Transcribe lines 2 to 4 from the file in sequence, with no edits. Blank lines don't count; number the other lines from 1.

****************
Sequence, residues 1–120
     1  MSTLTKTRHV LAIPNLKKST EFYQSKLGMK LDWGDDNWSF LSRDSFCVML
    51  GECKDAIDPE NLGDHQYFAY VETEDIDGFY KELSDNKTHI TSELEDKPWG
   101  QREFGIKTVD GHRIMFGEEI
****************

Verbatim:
     1  MSTLTKTRHV LAIPNLKKST EFYQSKLGMK LDWGDDNWSF LSRDSFCVML
    51  GECKDAIDPE NLGDHQYFAY VETEDIDGFY KELSDNKTHI TSELEDKPWG
   101  QREFGIKTVD GHRIMFGEEI